own skirt must be regarded as unduly lax by the Miss Gunns, and
partly, that it was a pity the Miss Gunns did not show that judgment
which she herself would show if she were in their place, by stopping a
little on this side of the fashion. On the other hand, Mrs Ladbrook
was standing in skullcap and front, with her turban in her hand,
curtsying and smiling blandly and saying 'After you, ma'am' to another
lady in similar circumstances, who had politely offered the precedence
at the looking-glass.

   But Miss Nancy had no sooner made her curtsy than an elderly lady
came forward, whose full white muslin kerchief, and mob-cap round
her curls of smooth grey hair, were in daring contrast with the puffed
yellow satins and top-knotted caps of her neighbours. She approached
Miss Nancy with much primness, and said, with a slow, treble suavity:

   'Niece, I hope I see you well in health.' Miss Nancy kissed her
aunt's cheek dutifully, and answered, with the same sort of amiable
primness, 'Quite well, I thank you, aunt, and I hope I see you the
same.'

   'Thank you, niece, I keep my health for the present. And how is
my brother-in-law?'

   These dutiful questions and answers were continued until it was
ascertained in detail that the Lammeters were all as well as usual,
and the Osgoods likewise, also that niece Priscilla must certainly
arrive shortly, and that travelling on pillions in snowy weather was
unpleasant, though a joseph was a great protection. Then Nancy was
formally introduced to her aunt's visitors, the Miss Gunns, as being
the daughters of a mother known to their mother, though now for the
first time induced to make a journey into these parts; and these
ladies were so taken by surprise at finding such a lovely face and
figure in an out-of-the-way country place, that they began to feel
some curiosity about the dress she would put on when she took off
her joseph. Miss Nancy, whose thoughts were always conducted with
the propriety and moderation conspicuous in her manners, remarked to
herself that the Miss Gunns were rather hard-featured than
otherwise, and that such very low dresses as they wore might have been
attributed to vanity if their shoulders had been pretty, but that,
being as they were, it was not reasonable to suppose that they
showed their necks from a love of display, but rather from some
obligation not inconsistent with sense and modesty. She felt
convinced, as she opened her box, that this must be her aunt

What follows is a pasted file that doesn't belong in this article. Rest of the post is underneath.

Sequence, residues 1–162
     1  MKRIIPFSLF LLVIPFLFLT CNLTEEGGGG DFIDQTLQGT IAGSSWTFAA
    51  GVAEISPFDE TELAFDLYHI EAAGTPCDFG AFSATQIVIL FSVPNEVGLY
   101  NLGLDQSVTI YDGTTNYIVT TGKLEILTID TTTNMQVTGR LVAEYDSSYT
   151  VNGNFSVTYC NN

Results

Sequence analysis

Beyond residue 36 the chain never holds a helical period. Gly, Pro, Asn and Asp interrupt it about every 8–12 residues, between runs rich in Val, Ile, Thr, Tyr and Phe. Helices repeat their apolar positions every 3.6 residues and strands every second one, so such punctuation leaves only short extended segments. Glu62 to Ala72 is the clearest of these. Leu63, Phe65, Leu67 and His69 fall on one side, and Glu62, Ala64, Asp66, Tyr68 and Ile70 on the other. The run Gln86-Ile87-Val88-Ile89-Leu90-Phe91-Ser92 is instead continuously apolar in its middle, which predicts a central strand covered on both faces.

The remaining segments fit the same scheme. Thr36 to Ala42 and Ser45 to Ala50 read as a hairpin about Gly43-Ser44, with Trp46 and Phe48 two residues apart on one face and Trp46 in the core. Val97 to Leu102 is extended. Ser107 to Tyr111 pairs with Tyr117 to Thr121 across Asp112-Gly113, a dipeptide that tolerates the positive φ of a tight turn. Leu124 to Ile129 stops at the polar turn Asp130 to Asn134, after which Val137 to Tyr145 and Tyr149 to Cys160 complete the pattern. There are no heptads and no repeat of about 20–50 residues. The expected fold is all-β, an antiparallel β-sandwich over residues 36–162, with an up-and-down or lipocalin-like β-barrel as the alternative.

Osgood's opinion, for Miss Nancy's mind resembled her aunt's to a
degree that everybody said was surprising, considering the kinship was
on Mr Osgood's side; and though you might not have supposed it from
the formality of their greeting, there was a devoted attachment and
mutual admiration between aunt and niece. Even Miss Nancy's refusal of
her cousin Gilbert Osgood (on the ground solely that he was her
cousin), though it had grieved her aunt greatly, had not in the
least cooled the preference which had determined her to leave Nancy
several of her hereditary ornaments, let Gilbert's future wife be whom
she might.

   Three of the ladies quickly retired, but the Miss Gunns were
quite content that Mrs Osgood's inclination to remain with her niece
gave them also a reason for staying to see the rustic beauty's
toilette. And it was really a pleasure- from the first opening of
the bandbox, where everything smelt of lavender and rose leaves, to
the clasping of the small coral necklace that fitted closely round her
little white neck. Everything belonging to Miss Nancy was of
delicate purity and nattiness: not a crease was where it had no
business to be, not a bit of her linen professed whiteness without
fulfilling its profession; the very pins on her pincushion were
stuck in after a pattern from which she was careful to allow no
aberration; and as for her own person, it gave the same idea of
perfect unvarying neatness as the body of a little bird. It is true
that her light-brown hair was cropped behind like a boy's, and was
dressed in front in a number of flat rings, that lay quite away from
her face; but there was no sort of coiffure that could make Miss
Nancy's cheek and neck look otherwise than pretty; and when at last
she stood complete in her silvery twilled silk, her lace tucker, her
coral necklace, and coral ear-drops, the Miss Gunns could see
nothing to criticize except her hands, which bore the traces of
butter-making, cheese-crushing, and even still coarser work. But
Miss Nancy was not ashamed of that, for even while she was dressing
she narrated to her aunt how she and Priscilla had packed their
boxes yesterday, because this morning was baking morning, and since
they were leaving home, it was desirable to make a good supply of meat
pies for the kitchen; and as she concluded this judicious remark,
she turned to the Miss Gunns that she might not commit the rudeness of
including them in the conversation. The Miss Gunns smiled stiffly, and
thought what a pity it was that these rich country people, who could
afford to buy such good clothes (really Miss Nancy's lace and silk
were very costly), should be brought up in utter ignorance and
vulgarity. She actually said 'mate' for 'meat', ''appen' for